Film and television genres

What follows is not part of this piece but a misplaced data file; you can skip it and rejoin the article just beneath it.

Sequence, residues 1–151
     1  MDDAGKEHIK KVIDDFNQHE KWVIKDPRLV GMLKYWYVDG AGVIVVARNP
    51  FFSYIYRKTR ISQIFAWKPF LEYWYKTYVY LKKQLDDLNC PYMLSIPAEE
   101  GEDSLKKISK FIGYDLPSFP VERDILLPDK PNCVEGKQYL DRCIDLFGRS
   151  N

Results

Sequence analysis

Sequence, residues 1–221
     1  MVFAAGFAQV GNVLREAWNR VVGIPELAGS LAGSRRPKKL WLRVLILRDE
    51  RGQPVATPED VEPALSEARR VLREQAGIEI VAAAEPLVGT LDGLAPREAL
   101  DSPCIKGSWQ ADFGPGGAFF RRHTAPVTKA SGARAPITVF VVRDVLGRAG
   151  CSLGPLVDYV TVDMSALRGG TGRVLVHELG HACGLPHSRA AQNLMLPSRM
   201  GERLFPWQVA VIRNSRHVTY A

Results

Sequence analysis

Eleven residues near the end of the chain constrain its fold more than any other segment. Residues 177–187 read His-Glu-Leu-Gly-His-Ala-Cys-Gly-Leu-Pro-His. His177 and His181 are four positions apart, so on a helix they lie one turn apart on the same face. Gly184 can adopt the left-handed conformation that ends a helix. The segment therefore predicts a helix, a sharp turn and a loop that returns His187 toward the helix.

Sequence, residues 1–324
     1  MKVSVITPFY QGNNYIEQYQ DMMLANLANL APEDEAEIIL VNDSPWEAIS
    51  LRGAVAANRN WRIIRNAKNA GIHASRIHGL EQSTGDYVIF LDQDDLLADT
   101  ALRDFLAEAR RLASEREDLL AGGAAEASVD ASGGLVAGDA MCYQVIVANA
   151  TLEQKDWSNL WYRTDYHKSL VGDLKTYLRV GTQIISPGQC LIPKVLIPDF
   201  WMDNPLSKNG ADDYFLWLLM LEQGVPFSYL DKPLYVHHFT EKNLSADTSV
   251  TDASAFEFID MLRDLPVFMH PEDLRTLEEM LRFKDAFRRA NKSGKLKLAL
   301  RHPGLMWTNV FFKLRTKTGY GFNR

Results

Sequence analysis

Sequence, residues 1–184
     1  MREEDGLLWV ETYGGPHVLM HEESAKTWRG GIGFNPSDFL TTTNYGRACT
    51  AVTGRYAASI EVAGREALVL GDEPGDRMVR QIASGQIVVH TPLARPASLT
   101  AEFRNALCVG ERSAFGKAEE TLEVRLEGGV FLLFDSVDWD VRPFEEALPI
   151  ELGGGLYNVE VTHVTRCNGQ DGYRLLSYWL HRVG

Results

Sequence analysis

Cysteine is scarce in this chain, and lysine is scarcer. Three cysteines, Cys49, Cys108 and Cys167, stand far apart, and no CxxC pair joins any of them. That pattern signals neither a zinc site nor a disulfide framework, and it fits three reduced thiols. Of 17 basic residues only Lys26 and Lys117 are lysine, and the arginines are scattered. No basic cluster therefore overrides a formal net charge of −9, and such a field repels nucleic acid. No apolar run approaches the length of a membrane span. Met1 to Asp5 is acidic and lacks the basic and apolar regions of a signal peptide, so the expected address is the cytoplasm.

As with auteur theory, genre theory was first developed in regard to film studies, then later expanded and adapted into discussions about television. (And similar to auteur theory, how useful genre theory actually is to the study of television will be explored below.) However, genre theory has been around for millennia, with some historians pointing to Aristotle’s Poetics as one of the field’s founding texts. In it, Aristotle sought to distinguish between different literary forms-such as comedy, tragedy, and various types of poetry-based upon their effect, style, and/or subject matter. Whether it is used to explore literature, film, or TV, genre theory is primarily about labels and labeling: categorizing texts into one group or another. Thus, one of its central tenets is taxonomy, or classification, and in this respect genre theory shares much with evolutionary biology, a field that seeks to organize, describe, and label the natural world into discrete categories from kingdom to genus to species. Just as plants and animals can be named and classified according to their shared traits, so too can films and TV shows be named and classified according to their similarities (as well as their differences from one another). The western, the horror film, and the musical are all well known genres that have been explored within film studies; the terms are used by critics, scholars, and everyday movie watchers. Each genre has a specific set of concerns and looks and functions quite distinct from the others.